Anxiety and Stress - Increased anxiety is a predicator of earlier conversion from mild cognitive impairment to Alzheimers disease. Gallagher D et al. Anxiety and behavioural disturbance as markers of prodromal Alzheimer's disease in patients with mild cognitive impairment. Int J Geriatr Psychiatry. 2011 Feb;26(2):166-72
Depression - Several cognitive and neuropsychological deficits accompany depression, including impairments in executive function, attention, episodic memory, visuo-spatial skills and information processing.Crocco EA et al. How late-life depression affects cognition: neural mechanisms. Curr Psychiatry Rep. 2010 Feb;12(1):34-8
Social Connections Social networks and personal relationships have a strong protective factor on brain health. Among 2,249 women aged 78 or older, those with smaller social networks at baseline had a significantly greater chance of having developed dementia within one year than women with larger social networks. Crooks VC et al. Social network, cognitive function, and dementia incidence among elderly women. Am J Public Health. 2008 Jul;98(7):1221-7.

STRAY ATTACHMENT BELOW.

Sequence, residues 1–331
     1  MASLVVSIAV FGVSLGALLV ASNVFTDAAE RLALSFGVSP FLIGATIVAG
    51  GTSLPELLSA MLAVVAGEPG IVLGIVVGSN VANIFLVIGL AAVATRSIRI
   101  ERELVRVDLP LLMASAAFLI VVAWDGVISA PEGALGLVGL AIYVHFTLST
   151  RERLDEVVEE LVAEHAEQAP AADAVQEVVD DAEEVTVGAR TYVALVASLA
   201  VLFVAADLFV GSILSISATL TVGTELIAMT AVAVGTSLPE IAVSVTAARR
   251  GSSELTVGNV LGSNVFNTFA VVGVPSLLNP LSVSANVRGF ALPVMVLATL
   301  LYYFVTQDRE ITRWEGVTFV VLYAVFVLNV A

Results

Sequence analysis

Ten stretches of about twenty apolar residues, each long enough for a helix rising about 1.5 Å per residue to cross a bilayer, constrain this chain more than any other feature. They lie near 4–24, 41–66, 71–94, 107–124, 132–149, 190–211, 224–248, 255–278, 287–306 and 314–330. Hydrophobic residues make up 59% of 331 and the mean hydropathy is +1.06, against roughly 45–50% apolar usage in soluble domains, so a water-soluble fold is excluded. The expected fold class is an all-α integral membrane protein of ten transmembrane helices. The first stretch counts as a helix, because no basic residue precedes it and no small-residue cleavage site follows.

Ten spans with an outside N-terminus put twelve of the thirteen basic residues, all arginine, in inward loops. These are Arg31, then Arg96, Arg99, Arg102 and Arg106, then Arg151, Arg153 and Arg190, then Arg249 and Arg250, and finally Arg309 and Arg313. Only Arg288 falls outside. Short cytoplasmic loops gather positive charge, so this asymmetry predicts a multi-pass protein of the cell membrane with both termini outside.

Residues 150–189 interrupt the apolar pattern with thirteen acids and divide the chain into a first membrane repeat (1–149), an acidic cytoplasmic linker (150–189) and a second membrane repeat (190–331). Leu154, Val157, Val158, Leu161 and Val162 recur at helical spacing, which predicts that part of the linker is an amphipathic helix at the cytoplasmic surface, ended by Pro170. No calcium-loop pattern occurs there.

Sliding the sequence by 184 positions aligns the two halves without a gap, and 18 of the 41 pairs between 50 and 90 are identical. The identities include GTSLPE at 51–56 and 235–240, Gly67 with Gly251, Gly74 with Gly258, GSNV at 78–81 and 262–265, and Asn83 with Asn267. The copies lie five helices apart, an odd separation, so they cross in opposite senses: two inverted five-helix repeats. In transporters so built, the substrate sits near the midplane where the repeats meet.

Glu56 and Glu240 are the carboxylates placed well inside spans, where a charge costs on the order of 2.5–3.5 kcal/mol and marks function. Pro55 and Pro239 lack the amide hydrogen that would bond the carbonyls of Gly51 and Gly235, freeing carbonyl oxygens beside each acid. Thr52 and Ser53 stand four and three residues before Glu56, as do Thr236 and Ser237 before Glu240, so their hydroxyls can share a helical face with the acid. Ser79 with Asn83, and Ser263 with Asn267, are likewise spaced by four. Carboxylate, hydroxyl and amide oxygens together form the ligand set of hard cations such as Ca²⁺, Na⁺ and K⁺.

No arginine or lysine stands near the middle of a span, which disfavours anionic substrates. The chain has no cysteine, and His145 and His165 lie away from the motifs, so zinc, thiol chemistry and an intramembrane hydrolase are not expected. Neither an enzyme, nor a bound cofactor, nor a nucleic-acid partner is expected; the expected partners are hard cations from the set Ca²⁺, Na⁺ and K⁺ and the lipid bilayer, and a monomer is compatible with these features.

Activity - A critical driving force behind neural plasticity (and therefore overall cognitive function) is a protein called brain-derived neurotrophic factor (BDNF). BDNF acts upon areas of the brain involved in learning, memory, and higher-order thinking to stimulate formation of new neurons, survival of existing neurons, and synaptic adaptation. Low levels of BDNF are observed in a variety of brain disorders, including cognitive decline, depression, dementia, and Alzheimers disease. Physical exercise is known to enhance cognitive function as it leads to an increase in levels of BDNF. Several studies have demonstrated that exercise induces (intensity-dependent) increases in BDNF levels in humans.Yarrow JF et al.Training augments resistance exercise induced elevation of circulating brain derived neurotrophic factor (BDNF). Neurosci Lett. 2010 Jul 26;479(2):161-5